Intergroup conflict: Ecological predictors of winning and consequences of defeat in a wild primate population
In many social species, competition between groups is a major factor proximately affecting group-level movement patterns and space use and ultimately shaping the evolution of group living and complex sociality. Here we evaluated the factors influencing group-level dominance among five social groups of wild baboons (Papio cynocephalus), in particular focusing on the spatial determinants of dominance and the consequences of defeat. When direct conflict occurred between conspecific baboon groups, the winning group was predicted by differences in the number of adult males in each group and/or groups that had used the areas surrounding the encounter location more intensively than their opponent in the preceding 9 or 12 months. Relative intensity of space use over shorter timescales (3 and 6 months) was a poor predictor of the interaction's outcome. Losing groups, but not winning groups, experienced clear short-term costs. Losing groups used the area surrounding the interaction less following an agonistic encounter (relative to their intensity of use of the area prior to the interaction). These findings offer insight into the influences and consequences of intergroup competition on group-level patterns of space use. © 2012 The Association for the Study of Animal Behaviour.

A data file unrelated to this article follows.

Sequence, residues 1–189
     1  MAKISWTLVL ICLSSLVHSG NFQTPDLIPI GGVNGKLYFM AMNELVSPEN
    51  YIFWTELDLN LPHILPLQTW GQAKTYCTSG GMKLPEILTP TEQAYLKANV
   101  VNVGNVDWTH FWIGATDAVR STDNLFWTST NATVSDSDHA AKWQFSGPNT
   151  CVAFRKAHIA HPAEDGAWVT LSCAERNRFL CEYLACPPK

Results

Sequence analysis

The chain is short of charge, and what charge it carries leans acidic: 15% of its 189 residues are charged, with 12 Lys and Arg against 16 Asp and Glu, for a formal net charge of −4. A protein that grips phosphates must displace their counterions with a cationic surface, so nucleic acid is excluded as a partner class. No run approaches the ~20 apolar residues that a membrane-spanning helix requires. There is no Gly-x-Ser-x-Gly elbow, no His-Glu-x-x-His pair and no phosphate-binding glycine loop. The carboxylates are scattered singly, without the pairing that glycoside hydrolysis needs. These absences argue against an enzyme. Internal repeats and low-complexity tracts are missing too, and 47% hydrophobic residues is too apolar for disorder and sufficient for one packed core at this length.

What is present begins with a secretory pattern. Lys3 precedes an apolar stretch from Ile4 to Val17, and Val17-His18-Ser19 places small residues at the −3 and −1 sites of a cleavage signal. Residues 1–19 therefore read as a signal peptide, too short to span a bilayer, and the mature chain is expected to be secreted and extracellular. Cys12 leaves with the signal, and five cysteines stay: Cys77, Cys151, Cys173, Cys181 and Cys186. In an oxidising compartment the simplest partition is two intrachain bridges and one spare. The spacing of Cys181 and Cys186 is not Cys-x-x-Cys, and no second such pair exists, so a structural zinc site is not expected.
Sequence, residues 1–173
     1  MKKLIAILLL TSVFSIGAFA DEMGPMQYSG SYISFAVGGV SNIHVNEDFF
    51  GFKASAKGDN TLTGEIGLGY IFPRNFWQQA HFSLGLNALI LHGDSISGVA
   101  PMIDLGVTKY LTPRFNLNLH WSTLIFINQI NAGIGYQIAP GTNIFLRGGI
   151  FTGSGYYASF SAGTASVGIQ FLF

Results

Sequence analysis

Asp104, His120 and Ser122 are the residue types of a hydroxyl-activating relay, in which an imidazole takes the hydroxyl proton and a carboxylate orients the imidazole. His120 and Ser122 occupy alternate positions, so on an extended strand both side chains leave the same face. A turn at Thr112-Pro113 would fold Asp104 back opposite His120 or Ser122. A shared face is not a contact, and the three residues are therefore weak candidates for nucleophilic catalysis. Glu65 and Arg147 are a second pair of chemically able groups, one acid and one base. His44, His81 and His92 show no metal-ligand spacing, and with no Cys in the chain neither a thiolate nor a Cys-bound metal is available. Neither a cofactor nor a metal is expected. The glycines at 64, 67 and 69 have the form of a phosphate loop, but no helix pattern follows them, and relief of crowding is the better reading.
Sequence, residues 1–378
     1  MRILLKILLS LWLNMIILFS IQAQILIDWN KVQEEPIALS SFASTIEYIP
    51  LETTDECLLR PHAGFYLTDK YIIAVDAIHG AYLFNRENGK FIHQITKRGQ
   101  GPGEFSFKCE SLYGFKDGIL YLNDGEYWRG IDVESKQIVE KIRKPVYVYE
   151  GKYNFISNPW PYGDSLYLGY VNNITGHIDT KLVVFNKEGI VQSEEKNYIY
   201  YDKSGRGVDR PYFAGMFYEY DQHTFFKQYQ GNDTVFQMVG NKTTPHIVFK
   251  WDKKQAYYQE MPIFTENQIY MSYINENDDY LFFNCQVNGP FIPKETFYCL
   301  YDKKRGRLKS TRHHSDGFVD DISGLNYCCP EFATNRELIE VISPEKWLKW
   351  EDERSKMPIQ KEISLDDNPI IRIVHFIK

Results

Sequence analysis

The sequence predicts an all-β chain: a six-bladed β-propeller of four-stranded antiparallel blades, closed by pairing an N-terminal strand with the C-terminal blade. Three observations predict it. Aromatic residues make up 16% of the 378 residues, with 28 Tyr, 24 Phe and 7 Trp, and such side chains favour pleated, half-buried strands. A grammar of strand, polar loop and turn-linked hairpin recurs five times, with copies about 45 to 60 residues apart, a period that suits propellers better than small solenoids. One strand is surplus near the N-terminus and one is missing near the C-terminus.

Markham, AC; Alberts, SC; Altmann, J
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